8. Archie

The highest ranking name on the list is Archie at #16. In the past five years he’s risen only 15 places, from #31, but it’s worth noting that names tend to rise more slowly at the very top of the list due to the leap in number of births needed to go up a ranking. the name is a short form of Archibald, a name meaning genuine and bold.

9. Aiden (#104 to #92, 12 places)

It’s also worth noting that whilst this spelling has flourished – rising 12 places from #104 to #92 – alternative spelling Aidan has instead fallen 52 places to #143. An indication of Aiden’s future ? Perhaps. The name in the anglicised form of Aodhán, which comes from the Old Irish name Áed and means fire.

Categories: Popular Names, Popularity | Tags: , , , , , , , , | 4 Comments

5 Alternatives to Archie

from amazon.co.uk

It’s been awhile since I’ve written one of these posts, and it seems like we are returning to wonderful Archie. I do believe that I have previously covered Jack and Alfie in posts similar to this.

The name Archie is popular in all four countries belonging to the UK, but historical his heartland lies in Scotland and England. Indeed, Scotland was one of the first places Archibald took off in during the Middle Ages. Personally, I suspect that Balamory may have something to do with why I see Archie as having a Scottish edge to him. If you don’t know what Balamory is, I sympathise and direct ye here.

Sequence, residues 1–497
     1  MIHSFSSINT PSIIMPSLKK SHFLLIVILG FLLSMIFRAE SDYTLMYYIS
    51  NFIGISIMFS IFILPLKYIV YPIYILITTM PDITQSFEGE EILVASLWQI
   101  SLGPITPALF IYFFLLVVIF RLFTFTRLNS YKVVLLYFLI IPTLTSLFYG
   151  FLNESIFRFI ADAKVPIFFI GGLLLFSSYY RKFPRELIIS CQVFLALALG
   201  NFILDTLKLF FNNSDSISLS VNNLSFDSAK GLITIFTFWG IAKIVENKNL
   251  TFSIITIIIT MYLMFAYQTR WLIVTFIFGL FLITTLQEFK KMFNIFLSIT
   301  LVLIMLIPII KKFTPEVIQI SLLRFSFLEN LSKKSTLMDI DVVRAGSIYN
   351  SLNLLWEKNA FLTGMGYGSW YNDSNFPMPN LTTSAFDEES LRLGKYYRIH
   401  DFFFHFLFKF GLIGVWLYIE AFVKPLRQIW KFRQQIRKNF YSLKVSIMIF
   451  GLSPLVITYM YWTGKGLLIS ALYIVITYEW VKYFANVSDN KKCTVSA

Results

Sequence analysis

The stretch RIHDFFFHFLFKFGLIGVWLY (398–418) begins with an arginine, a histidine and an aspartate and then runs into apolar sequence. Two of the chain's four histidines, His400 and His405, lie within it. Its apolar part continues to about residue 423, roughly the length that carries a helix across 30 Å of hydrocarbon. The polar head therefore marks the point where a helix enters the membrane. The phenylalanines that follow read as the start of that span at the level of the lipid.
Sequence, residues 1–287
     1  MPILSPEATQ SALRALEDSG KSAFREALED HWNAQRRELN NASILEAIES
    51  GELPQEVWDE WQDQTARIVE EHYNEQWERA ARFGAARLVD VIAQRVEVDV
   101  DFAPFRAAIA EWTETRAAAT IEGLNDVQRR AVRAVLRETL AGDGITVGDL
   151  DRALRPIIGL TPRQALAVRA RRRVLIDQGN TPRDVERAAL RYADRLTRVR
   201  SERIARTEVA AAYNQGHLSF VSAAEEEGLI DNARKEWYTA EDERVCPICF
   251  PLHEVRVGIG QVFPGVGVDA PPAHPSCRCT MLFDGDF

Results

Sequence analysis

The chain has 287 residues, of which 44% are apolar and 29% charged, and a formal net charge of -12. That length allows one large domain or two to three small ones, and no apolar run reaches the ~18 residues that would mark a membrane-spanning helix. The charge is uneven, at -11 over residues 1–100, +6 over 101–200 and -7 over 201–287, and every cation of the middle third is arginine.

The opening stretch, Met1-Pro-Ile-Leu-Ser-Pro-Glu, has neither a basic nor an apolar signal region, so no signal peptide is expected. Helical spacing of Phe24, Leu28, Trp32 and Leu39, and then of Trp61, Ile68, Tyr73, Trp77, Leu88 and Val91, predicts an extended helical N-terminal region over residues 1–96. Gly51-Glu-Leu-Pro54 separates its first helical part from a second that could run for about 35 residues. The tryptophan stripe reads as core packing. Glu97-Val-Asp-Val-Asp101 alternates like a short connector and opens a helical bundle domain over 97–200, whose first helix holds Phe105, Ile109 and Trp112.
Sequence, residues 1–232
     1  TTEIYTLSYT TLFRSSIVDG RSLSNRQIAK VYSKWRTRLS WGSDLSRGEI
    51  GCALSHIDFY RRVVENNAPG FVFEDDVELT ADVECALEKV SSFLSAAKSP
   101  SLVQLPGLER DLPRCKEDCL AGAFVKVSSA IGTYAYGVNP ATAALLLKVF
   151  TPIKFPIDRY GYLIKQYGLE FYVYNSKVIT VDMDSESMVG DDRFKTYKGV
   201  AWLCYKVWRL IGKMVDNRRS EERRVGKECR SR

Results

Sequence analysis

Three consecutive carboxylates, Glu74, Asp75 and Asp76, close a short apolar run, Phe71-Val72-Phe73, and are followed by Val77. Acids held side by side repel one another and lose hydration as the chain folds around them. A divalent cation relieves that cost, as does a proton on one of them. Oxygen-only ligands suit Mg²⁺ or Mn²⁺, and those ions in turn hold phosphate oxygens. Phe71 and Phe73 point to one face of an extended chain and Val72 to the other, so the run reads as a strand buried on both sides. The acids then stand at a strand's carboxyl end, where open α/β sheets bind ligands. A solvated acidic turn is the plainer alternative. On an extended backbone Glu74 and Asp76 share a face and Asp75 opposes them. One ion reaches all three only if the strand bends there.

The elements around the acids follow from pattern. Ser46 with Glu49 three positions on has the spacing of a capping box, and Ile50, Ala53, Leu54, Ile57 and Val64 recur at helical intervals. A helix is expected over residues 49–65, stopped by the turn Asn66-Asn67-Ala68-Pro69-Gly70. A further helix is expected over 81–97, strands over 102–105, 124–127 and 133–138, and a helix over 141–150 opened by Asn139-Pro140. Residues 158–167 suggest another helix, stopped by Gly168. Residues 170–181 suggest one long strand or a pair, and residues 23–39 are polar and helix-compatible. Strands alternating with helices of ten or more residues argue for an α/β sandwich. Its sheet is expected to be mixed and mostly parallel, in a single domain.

So, with Archie, we’re not necessarily looking for nicknames of old-school lad names, more, looking for nicknames with a slight Scottish tinge to them.

Shouldn’t be too hard, should it?

1. Fergie

The most obvious choice to me, despite being best associated with Mr. Marmite, Sir Alex Ferguson. No, he doesn’t own the company that makes Marmite, more that I’ve never met a football fan who doesn’t hate or worship the man. For those who don’t know, Sir Alex Ferguson is the long-time manager of Manchester United; mixing Man U up with Man City is a fatal mistake I urge you not to make.

Fergie is a nickname for Fergus, and it’s worth noting that the Fergie mentioned above is a Glaswegian by birth. The name Fergus means man of vigour.

2. Roddy

A nickname used in both Scottish and English, that Aardman used in their film Flushed Away for the main character, a rat.

The name Roddy can be short for either Roderick or Rodney, with Roderick meaning famous power, whilst Rodney means Hroda’s island.

3. Christie

I once had a teacher with a son named Christie, which is a predominantly a nickname for Christopher in Scotland and Ireland. The name Christopher actually remains much more popular in Scotland than in England&Wales where it has fallen outside of the Top 100, since Christopher ranked at #71 in 2011 in Scotland.

The name Christopher means bearing Christ.

4. Tam

The name Tam is a Scottish nickname for Thomas, a name that ranked at #27 in Scotland in 2011; Thomas means twin.